Chris Lange, FISM News
President Biden’s New Year’s pitch for a more united government will get a boost from an unexpected corner this Wednesday as he makes a rare joint appearance with Kentucky Republican Senate Minority Leader Mitch McConnel in the Bluegrass State. The two leaders will tout the nearly $1 trillion-dollar infrastructure spending bill of 2021 that passed with bipartisan support, The Associated Press reported.
Biden and McConnell will be joined by a bipartisan group of elected officials including Gov. Andy Beshear (D-Ky.), Gov. Mike DeWine (R-Ohio), and Sen. Sherrod Brown (D-Ohio).
The scheduled appearance is likely tied to news that Kentucky and Ohio will receive over $1.6 billion in federal grants to build a new bridge between the two states to alleviate a major bottleneck along a heavily traveled shipping corridor near Cincinnati.
News of McConnell’s latest defection will likely do little to mitigate his growing disfavor among hardline conservatives increasingly frustrated over what they consider to be the GOP leader’s eagerness to aid and abet the Biden agenda.
“I’m proud of my vote,” McConnell said after the 2021 Democrat-led infrastructure bill cleared the Senate in 2021.
McConnell was already in hot water as one of the top Republican leaders singled out in the post-election finger-pointing over the party’s disappointing midterm election results. The minority leader’s Dec. 21 declaration that a “majority of Americans” consider helping Ukraine defeat Russia to be the UnitedStates’ “No. 1 priority” further cemented his status as one of the most loathed figures within his own party at a time when Americans are struggling with rampant inflation and the worst border crisis in the country’s history.
Conservative Breitbart commentator Kurt Schlichter, who has endured the wrath of many conservatives for his continued defense of McConnell’s record, suggested that the joint appearance with Biden may prove to be the final nail in the coffin, in terms of the lawmaker’s political effectiveness.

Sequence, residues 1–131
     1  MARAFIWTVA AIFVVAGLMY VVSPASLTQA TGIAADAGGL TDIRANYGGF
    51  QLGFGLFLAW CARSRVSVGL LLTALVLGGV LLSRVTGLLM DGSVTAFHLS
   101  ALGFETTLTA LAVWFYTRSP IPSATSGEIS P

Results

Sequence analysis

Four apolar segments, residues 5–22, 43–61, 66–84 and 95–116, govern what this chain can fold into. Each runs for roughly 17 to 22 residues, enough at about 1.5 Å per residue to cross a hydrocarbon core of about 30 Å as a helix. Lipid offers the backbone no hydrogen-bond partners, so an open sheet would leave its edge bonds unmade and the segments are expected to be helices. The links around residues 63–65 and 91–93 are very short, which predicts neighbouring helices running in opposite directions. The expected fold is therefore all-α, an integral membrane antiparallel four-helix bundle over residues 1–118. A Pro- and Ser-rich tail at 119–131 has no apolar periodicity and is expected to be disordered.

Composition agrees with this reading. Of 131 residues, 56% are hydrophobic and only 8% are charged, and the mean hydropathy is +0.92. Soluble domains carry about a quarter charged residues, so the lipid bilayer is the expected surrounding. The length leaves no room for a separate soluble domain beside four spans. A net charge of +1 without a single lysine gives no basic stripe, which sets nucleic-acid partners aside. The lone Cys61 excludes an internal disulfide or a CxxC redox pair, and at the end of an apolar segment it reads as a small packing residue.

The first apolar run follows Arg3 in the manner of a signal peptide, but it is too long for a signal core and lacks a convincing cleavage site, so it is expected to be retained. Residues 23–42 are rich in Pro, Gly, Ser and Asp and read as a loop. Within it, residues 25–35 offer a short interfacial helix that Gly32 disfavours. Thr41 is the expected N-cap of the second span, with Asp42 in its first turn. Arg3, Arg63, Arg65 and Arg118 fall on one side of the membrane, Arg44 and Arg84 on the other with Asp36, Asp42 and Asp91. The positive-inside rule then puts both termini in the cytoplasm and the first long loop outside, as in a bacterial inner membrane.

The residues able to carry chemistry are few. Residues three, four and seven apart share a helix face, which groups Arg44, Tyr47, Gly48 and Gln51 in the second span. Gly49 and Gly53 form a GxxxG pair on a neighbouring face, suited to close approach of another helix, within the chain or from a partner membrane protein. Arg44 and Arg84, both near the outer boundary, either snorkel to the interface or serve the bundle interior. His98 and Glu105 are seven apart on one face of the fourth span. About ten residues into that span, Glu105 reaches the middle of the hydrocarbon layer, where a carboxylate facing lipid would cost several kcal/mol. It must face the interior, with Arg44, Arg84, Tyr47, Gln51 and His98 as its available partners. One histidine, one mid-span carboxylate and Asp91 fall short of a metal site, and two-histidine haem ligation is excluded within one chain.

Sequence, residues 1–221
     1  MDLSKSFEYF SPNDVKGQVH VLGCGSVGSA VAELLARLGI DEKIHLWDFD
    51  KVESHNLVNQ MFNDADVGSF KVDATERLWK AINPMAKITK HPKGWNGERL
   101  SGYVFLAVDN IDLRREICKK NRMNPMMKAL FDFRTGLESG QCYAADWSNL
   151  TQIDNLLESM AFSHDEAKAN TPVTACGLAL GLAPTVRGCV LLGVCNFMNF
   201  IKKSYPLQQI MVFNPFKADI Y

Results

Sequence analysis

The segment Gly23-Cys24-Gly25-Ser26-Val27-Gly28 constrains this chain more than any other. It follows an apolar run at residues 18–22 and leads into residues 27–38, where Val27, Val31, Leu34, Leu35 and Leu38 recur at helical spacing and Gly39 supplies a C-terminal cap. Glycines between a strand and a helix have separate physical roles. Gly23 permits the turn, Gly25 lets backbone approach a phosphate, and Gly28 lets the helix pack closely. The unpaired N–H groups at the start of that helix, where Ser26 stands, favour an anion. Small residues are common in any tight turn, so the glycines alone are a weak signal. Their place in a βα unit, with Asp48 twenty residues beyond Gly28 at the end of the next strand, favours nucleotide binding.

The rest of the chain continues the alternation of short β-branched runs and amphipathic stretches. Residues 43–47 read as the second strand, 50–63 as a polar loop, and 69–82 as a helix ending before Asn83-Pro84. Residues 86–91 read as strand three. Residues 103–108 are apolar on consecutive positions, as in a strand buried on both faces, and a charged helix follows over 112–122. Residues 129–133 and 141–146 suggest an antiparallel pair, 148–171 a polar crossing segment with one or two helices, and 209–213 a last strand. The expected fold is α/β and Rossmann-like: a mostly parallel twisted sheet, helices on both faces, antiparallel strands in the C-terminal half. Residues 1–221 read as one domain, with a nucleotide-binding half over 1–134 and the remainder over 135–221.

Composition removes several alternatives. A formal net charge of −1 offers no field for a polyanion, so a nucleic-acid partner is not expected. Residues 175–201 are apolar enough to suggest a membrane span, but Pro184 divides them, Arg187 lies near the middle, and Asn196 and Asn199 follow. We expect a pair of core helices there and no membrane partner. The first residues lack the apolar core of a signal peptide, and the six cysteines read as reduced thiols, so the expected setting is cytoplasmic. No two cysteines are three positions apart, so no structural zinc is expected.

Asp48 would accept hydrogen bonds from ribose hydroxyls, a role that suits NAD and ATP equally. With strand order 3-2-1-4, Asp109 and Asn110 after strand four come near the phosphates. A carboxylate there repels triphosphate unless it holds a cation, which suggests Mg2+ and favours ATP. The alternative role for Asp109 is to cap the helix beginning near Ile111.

“The Mitch McConnell of today is not the savvy and savage killer of yesteryear. The Mitch McConnell of today is hapless and hated, weak and tone deaf, barely competition for the second-rate hack who is Chuck Schumer,” Schlichter wrote in a blistering op-ed published by TownHall late last week.
He went on to say that, while the Kentucky Senator “was objectively skilled and effective once upon a time,” he has now become “perhaps the most unpopular major politician in America, a group that includes Nancy Pelosi and Joe Biden.”
The Biden-McConnell event is part of a broader White House campaign to promote the message that the president’s work with both Democrats and Republicans has benefited the economy as his administration braces for a new Republican House majority that will break up Washington’s one-party rule and throw a wrench in Biden’s legislative agenda.
Vice President Kamala Harris will travel to Chicago on Wednesday to highlight “how the President’s economic plan is rebuilding our infrastructure, creating good-paying jobs – jobs that don’t require a four-year degree, and revitalizing communities left behind” while Transportation Secretary Pete Buttigieg is slated to deliver the same message in New London, Connecticut. A joint appearance with soon-to-be former House Speaker Nancy Pelosi (D-Calif.) and White House infrastructure official Mitch Landrieu on the same subject is scheduled to take place in San Francisco on Thursday.
Prior to departing for his winter holiday Caribbean family getaway on Dec. 22, Biden called for a less acrimonious and more united government. The president urged lawmakers to stop seeing themselves as members of “Team Red” or “Team Blue” and, instead, as “fellow Americans.”
The remarks represent a notable departure from Biden’s Nov. 2 speech in which he vilified an unspecified swath of Republicans as a collective threat to democracy.